2012.01.25 Sounds of the past remembered
By DAVID GREEN
A few weeks ago I wrote about the sound of the bell that used to ring every time a car drove into a gas station. The bell alerted a gas station worker that a customer had arrived and was ready to be served.
Definitely “old days” talk, like the sound of a dial telephone. Dialing an old-style telephone is one of the sounds that an article on the website Mental Floss called “11 sounds that your kids have probably never heard.”
My kids might have heard that sound because of the dial phone we still use at the Observer. I brought it out of storage during a power outage a few years ago and left it in place. It’s only a problem when you have to choose an option and “push three for customer support.”
It’s a great sound—the swooosh as a finger rotates the dial, followed by whirring as the dial “unwinds.”
The manual typewriter is second on the list. That’s a machine with a lot of good sounds, from loading the paper to pulling it out. There’s a loud clack when you push a key and it strikes the paper and a clunk when you push the shift key to lift the carriage. A bell warns when the end of the line is approaching and probably the best of all is the zipping sound when the carriage is returned to the start of the line.
The article also mentions the “bloop-hiss” of the old coffee percolators, the “chunk-chunka” of old cash registers, and the “tick, tick, tick” sound of film in the school movie projector.
In the 1960s, the Kodak Instamatic camera presented a revolutionary invention: the rapid fire flash bulb. You could take four photographs, one after the other, without adding a new flash bulb. Amazing, and there was a distinctive sound as the flash cubes popped.
TV sets used to have a circular dial to change channels and finding something to watch came with a sound. You “clunked” to a new station and heard either a program or a hiss of static, then “clunked” to another station.
There was no such thing as all-night television. When stations went off the air some time after midnight, you would hear some details about the station, the National Anthem, then a constant hiss of static—some good white noise for falling asleep to on the sofa.
I watched a YouTube video last week of a teenager’s first look at a phonograph record. Very funny. Her only frame of reference was a CD and she thought it was a very strange disc.
She will probably never know the sound of a 45 rpm record dropping onto a turntable followed by the stylus arm moving over and dropping onto the edge of the record. A little static and then the music began.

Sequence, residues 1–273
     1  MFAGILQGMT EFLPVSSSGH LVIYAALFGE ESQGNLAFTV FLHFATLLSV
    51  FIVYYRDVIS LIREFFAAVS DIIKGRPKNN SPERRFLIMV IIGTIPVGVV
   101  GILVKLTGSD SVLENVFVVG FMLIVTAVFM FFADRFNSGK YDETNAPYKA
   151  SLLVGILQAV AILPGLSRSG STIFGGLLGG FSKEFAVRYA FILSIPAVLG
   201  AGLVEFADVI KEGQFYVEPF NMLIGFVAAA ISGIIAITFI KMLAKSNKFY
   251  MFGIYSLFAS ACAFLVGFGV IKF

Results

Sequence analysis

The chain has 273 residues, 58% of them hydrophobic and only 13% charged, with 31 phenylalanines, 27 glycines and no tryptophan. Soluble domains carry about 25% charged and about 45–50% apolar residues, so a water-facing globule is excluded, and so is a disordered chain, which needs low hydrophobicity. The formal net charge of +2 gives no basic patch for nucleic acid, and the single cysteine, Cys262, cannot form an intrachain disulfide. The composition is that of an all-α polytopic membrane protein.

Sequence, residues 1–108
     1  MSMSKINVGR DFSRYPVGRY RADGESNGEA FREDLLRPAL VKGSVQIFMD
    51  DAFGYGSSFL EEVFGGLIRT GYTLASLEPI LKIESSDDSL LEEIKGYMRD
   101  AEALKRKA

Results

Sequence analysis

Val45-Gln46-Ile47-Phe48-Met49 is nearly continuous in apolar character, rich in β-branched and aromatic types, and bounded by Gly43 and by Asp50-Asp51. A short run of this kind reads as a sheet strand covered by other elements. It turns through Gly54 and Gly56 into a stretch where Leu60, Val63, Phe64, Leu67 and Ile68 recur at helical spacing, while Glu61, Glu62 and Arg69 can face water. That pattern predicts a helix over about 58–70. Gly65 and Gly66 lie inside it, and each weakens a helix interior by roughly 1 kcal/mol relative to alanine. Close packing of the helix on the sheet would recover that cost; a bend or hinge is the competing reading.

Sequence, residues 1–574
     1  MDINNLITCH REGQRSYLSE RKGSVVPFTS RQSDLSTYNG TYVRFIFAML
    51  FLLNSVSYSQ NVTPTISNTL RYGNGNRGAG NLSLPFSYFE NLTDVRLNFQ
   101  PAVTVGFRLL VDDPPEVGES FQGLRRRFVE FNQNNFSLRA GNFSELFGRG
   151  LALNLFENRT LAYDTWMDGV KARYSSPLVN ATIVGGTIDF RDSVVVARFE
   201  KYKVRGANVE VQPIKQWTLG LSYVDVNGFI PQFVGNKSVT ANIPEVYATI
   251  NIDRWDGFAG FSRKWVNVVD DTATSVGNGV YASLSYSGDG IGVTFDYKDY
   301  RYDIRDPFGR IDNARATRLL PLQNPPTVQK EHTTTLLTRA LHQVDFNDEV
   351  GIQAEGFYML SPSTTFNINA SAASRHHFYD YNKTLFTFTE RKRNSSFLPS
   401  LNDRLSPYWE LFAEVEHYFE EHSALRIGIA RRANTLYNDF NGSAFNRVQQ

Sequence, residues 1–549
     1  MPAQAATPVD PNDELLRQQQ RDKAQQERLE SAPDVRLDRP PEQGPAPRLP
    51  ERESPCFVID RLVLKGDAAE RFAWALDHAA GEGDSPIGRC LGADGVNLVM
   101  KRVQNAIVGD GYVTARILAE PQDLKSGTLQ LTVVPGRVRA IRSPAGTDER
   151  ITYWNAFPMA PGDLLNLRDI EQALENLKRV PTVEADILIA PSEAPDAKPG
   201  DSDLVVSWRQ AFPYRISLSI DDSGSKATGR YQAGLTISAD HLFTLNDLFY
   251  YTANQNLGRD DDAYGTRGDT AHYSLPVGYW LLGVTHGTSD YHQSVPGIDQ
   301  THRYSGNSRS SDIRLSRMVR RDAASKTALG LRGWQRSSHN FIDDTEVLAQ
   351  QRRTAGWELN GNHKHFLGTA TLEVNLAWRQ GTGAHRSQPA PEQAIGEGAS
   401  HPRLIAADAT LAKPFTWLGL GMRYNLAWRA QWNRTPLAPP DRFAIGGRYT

If the record was scratched, the same few seconds might play over and over again. Sometime that day your mother would say, “You sound like a broken record.”
The author of the story, Kara Kovalchik, was interviewed on an NPR call-in show and several more dead sounds were suggested by listeners.
A steam locomotive letting out its steam at the end of the day. Film advancing in a camera. The real, authentic sounds of a pinball machine rather than the digital sounds heard now.
The hiss in the background of a cassette tape. The brief drop in sound when a kinked portion of a tape passes through the sound head. The tape got kinked when the cassette player ate it and it had to be rewound. The sound of an eight-track cassette as it’s taken in by the player.
The “whirring” sound of a VCR tape rewinding. The clicking sound of a carousel projector when the next slide is moved into place.
A golf ball meeting a persimmon wood club (much different than a ball against steel). The sound of a leather baseball meeting a hickory bat.
Metal roller skates traveling across rough sidewalk. An old-fashioned slot machine with its collection of wheels, springs and gears.
Most of these sounds are from decades past—at least a couple of decades—but someone suggested the modern but nearly defunct sound of a modem connecting via a dial-up internet system.
It’s amazing to think about how many sounds can no longer be heard. Maybe I should charge admission and let you listen to the Linotype in the back of the Observer. Dial me up for a reservation.
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